The Theravada school of Buddhism took root in Sri Lanka and Southeast Asia. Its major characteristics include the importance of Pali Canon of scripture and commentary; the veneration of the historical Shakyamuni Buddha; and the spiritual model of the arahat, or “worthy ones” who have attained nirvana.
The Theravada, literally “The Way of the Elders,” is the school of Buddhism most prominent today in the countries of Southeast Asia and Sri Lanka. As the name suggests, it regards itself as the school most faithful to the teachings that have been passed down through the generations. In the United States, Theravada Buddhism has had its greatest growth since the 1960s when Euro-Americans started practicing vipassana, or “insight meditation.” At the same time, large numbers of immigrants from Sri Lanka, Thailand, Cambodia, and other traditional Theravadin countries have come to the United States. The major characteristics of the Theravada can be summarized as follows:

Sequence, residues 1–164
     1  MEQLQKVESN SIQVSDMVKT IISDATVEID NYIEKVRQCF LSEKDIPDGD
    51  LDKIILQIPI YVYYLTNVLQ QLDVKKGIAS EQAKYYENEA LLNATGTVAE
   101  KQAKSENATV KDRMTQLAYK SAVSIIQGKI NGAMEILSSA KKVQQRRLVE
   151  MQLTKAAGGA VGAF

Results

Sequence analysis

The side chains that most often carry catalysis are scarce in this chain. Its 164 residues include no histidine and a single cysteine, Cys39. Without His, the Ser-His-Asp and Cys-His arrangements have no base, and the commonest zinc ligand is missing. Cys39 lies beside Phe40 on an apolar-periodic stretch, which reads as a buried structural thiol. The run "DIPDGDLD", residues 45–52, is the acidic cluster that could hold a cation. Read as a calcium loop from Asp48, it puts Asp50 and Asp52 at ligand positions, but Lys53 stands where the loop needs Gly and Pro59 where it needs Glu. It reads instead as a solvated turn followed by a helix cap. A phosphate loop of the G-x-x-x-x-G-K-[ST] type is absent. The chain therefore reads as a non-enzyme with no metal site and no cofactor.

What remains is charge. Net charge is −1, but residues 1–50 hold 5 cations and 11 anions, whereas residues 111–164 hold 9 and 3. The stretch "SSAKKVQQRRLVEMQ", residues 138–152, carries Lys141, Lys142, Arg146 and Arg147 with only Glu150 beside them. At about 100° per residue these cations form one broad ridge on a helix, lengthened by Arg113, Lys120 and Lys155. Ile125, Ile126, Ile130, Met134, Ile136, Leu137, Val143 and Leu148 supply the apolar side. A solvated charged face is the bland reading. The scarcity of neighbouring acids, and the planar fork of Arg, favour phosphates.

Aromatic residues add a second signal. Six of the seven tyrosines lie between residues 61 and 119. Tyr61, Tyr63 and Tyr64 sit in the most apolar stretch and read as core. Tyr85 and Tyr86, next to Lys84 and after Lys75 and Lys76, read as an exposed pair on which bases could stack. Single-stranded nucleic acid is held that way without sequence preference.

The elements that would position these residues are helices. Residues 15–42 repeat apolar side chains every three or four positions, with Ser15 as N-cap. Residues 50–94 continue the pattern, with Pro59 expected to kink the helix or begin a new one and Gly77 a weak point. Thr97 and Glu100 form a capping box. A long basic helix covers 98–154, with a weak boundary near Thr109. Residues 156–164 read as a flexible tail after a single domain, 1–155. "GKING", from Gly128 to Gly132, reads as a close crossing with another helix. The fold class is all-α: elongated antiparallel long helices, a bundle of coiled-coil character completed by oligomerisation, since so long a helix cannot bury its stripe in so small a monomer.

1. The Pali Canon, comprised of scriptures and commentaries written in the ancient Pali language, is regarded as the most accurate source of the teachings of the historical Buddha. While other schools have various other recensions of the canon or a broader interpretation of what the canon includes, Theravadins believe that the Pali Canon is definitive.
2. The human and historical Buddha, the spiritual pathfinder who lived 2,500 years ago in India is emphasized. While other schools of Buddhism might focus on the teachings of another Buddha or venerate multiple Buddhas, the Theravadins see Shakyamuni Buddha as central.
3. The ideal spiritual model of Theravada Buddhism is the arahant ( in Pali) or the arhat (in Sanskrit). Arahants, literally “worthy ones,” are Buddhist practitioners who attain nirvana and have perfected their discipline such that defilements and desires are extinguished.